Fenney v. Dakota, Minnesota & Eastern R. Co.

Decision Date28 April 2003
Docket NumberNo. 02-1479.,02-1479.
Citation327 F.3d 707
PartiesRonald J. FENNEY, Appellant, v. DAKOTA, MINNESOTA & EASTERN RAILROAD COMPANY, Appellee. Equal Employment Opportunity Commission, Amicus on Behalf of the Appellant.
CourtU.S. Court of Appeals — Eighth Circuit

Judith Kahn Schermer, argued, Minneapolis, MN, for appellant Ronald Fenney.

Louis Lopez, argued, Washington, DC, (Caren I. Friedman, on the brief), for amicus E.E.O.C.

Brian J. Donahoe, argued, Sioux Falls, SD (Mark E. Salter, on the brief), for appellee Dakota, Minnesota & Eastern R. Co.

Before McMILLIAN, BOWMAN, and SMITH, Circuit Judges.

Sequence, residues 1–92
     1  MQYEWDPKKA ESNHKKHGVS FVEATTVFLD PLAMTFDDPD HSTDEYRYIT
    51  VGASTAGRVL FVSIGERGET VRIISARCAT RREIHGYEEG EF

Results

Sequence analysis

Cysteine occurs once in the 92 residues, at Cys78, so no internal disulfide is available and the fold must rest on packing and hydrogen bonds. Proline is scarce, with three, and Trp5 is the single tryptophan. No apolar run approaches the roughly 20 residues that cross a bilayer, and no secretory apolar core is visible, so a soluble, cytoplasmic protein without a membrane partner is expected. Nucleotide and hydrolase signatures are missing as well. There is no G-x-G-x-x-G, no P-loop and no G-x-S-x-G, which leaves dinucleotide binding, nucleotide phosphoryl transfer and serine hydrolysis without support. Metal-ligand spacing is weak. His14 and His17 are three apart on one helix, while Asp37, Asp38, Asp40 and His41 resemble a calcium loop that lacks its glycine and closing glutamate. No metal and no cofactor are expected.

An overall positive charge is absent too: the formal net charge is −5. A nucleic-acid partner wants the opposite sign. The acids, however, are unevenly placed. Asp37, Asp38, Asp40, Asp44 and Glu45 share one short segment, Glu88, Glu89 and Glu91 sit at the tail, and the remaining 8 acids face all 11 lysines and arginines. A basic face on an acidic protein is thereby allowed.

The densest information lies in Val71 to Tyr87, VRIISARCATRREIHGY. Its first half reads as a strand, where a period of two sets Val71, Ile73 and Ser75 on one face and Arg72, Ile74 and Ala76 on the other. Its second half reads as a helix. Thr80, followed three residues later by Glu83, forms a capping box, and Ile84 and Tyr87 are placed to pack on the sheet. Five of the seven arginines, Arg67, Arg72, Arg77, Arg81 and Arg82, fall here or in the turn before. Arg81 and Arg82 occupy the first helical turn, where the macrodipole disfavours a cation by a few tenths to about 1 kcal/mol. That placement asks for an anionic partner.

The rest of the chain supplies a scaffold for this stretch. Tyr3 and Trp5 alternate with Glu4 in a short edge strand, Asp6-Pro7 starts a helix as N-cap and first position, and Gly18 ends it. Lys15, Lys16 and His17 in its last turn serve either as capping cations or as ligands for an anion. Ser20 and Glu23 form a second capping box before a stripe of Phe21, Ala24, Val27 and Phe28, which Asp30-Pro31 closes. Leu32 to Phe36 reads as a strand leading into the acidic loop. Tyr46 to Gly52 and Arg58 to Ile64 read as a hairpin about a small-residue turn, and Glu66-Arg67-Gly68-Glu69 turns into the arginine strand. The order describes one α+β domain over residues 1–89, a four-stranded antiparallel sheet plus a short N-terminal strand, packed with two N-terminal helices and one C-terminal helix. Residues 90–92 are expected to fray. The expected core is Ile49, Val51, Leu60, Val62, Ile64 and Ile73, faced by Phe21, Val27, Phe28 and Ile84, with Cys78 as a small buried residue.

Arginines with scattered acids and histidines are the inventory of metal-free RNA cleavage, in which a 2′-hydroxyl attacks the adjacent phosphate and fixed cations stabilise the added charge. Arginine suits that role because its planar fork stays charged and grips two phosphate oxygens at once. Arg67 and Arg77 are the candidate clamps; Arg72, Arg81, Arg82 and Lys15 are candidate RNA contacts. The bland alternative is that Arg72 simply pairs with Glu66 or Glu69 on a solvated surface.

SMITH, Circuit Judge.

Ronald J. Fenney, an employee of the Dakota, Minnesota & Eastern Railroad Company ("Dakota"), requested a disability accommodation from Dakota. Dakota refused. After Fenney sued under the Americans with Disabilities Act of 1990 ("ADA") and the Minnesota Human Rights Act ("MHRA"), the District Court granted Dakota's Motion for Summary Judgment. Fenney appealed the District Court's Order. We reverse.

I.

In 1974, while working as an engineer for another railroad, Fenney was involved in a tragic accident. The mishap severed his thumb and most of his middle finger on his right hand. The accident also damaged the radius bone in his right arm. Several operations made the problem worse. Fenney now has limited use of his right hand and arm.